As extraordinary as I’ve Got My Own Hell to Raise was, this follow up is more of a chill-generator. The “scene of the crime” refers to Muscle Shoals, where LaVette cut early material. She hadn’t been back for 30 some years and reunited with stalwarts Spooner Oldham and David Hood for this extraordinary recording. Hood’s son Patterson produced the effort and played guitar with his band The Drive-By Truckers (what a cool band name!).
If there is a poster-child for a Tough Old Broad, LaVette is a natural. She’s all about spilling her emotions on the floor the way Tina Turner did 20 years ago. For my money, there’s more real grit and sweat equity in LaVette’s performances. The opening cut, Eddie Hinton’s “I Still Want To Be Your Baby, ” is subtitled “Take Me Like I Am” and sets the tone for the disc. “I’ve been this way for too long to change now” she sings. “So what if I drink a little bit/that’s alright/Daddy didn’t you tell me you like to hear me laugh?” The song selection is every bit as impressive as on the first Anti disc. Frankie Miller’s “Jealousy” has a nice slow burning groove on which Bettye captivates: “Honey it’s your foolish insecurity/you’ve got to rid yourself of jealousy.” She takes Don Henley’s “You Don’t Know Me At All,” with a comp intro from Oldham, to offer a perspective on the state of her world. Willie Nelson’s “Somebody Pick Up My Pieces” benefits from the elder Hood’s bass in tandem with Oldham’s keys and Hood the younger’s guitar and John Neff’s sweet steel. And, of course, it’s a Willie tune which guarantee’s first-rate song-smithing. This is the blues, folks.
John Hiatt’s “The Last Time” is given a rework that is killer: “Scoundrels know my whereabouts/they recognize me by my high heeled shoes.” Her version of Elton’s John’s “Talking Old Soldiers” is just amazing – “I know what they’re sayin’ son/there goes that old broad again/well I may be mad at that/But I’ve seen enough to make a young man go out his brains”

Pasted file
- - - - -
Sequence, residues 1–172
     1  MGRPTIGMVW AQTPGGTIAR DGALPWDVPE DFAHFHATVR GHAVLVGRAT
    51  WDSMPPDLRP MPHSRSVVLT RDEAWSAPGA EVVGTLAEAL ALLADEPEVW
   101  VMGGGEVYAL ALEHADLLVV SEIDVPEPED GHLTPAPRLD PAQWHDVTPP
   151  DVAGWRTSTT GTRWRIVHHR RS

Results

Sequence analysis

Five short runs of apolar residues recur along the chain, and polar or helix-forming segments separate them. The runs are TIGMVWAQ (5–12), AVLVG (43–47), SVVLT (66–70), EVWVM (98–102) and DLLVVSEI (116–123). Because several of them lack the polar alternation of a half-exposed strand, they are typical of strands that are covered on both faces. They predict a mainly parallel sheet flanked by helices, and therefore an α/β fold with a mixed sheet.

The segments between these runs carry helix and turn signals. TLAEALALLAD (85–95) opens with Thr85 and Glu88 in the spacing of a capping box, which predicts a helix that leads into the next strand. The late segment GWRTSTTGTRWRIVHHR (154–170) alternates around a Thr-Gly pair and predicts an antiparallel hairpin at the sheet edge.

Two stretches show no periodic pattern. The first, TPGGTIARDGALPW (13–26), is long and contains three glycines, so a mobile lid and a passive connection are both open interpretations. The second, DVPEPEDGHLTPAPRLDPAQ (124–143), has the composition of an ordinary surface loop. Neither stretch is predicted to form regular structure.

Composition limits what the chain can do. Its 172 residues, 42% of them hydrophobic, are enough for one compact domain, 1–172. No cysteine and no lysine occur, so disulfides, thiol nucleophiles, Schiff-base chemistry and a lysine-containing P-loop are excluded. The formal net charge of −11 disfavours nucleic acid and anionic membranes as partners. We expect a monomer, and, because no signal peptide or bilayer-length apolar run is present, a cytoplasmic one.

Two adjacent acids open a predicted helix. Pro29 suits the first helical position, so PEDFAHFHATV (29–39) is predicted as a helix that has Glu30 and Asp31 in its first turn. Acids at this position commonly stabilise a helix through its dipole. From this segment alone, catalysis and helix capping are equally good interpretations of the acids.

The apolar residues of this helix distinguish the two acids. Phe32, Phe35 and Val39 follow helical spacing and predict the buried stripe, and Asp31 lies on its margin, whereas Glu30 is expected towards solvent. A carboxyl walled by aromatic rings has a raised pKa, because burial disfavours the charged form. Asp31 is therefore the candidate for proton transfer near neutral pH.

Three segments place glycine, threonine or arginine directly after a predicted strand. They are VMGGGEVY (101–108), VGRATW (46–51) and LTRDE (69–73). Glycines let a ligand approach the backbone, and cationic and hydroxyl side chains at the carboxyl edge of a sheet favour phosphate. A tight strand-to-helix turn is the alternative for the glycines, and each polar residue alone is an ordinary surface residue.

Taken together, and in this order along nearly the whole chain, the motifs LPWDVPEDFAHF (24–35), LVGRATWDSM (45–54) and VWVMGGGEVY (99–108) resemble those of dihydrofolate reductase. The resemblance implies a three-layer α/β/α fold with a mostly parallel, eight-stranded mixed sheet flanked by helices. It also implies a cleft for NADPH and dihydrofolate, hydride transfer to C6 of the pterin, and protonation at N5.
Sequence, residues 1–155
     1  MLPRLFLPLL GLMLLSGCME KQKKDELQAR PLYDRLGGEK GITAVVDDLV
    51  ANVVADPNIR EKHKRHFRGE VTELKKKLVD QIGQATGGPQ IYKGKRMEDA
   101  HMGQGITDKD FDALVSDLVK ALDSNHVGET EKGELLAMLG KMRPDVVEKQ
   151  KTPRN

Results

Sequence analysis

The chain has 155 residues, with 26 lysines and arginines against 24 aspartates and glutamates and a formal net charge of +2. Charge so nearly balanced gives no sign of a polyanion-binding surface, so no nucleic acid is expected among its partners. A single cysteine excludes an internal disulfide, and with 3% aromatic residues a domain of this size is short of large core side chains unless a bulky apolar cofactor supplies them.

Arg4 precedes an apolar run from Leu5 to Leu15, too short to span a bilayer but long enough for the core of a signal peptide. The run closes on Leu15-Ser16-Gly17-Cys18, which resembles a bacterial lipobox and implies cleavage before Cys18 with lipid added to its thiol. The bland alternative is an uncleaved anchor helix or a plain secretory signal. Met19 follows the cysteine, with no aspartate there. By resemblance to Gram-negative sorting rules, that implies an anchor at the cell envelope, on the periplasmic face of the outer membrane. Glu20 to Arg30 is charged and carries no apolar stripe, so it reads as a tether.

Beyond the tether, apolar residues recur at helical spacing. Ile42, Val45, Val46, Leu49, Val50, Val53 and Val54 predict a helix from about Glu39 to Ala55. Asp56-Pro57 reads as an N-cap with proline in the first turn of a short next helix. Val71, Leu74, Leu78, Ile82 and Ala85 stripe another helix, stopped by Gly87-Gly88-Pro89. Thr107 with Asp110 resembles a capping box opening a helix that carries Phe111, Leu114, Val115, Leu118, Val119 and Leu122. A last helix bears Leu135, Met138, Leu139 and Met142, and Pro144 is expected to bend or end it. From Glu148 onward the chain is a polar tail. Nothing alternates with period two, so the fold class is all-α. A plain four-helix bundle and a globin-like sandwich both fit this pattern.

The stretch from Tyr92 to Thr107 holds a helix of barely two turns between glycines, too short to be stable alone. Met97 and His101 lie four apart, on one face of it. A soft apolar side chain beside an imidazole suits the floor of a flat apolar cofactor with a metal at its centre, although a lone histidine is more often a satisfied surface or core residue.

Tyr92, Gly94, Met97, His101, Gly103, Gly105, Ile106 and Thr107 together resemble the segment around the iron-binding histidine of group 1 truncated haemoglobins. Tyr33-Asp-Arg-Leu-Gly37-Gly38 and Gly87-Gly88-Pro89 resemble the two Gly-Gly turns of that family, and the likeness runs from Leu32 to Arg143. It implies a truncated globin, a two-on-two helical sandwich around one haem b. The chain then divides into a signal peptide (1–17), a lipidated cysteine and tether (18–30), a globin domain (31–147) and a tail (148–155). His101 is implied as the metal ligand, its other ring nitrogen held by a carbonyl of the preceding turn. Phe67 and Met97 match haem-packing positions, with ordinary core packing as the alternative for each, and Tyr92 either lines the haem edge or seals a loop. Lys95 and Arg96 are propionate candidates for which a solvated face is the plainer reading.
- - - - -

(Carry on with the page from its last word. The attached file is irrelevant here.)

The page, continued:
In Betty LaVette’s hands, these songs transcend words. Undoubtedly they were given fine renderings the first time around, but in the emotionally pliable voice of LasVette, they are masterpieces. Betty LaVette makes them hers.
The autobiographical “Before the Money Came,” the lone LaVette composition on the set, is a recitation of bad times about sleeping at her mother’s house, hanging with David Ruffin and the Temps, and watching her friends on the Grammies while she was trying to get it together in Detroit – before the money came. It was a struggle getting gigs for fifty bucks and now it’s about making decisions and realizing that she “never thought success would be hard to take.”
To call this one of the standout CDs of ‘07 is an understatement. This is gritty and moving, the hallmark of a work of genius. Bettye LaVette has waited a lifetime for the recognition she is now reaping. It may be overdue, but it is certainly not overly done. This is an artist deserving of a roomful of Grammies.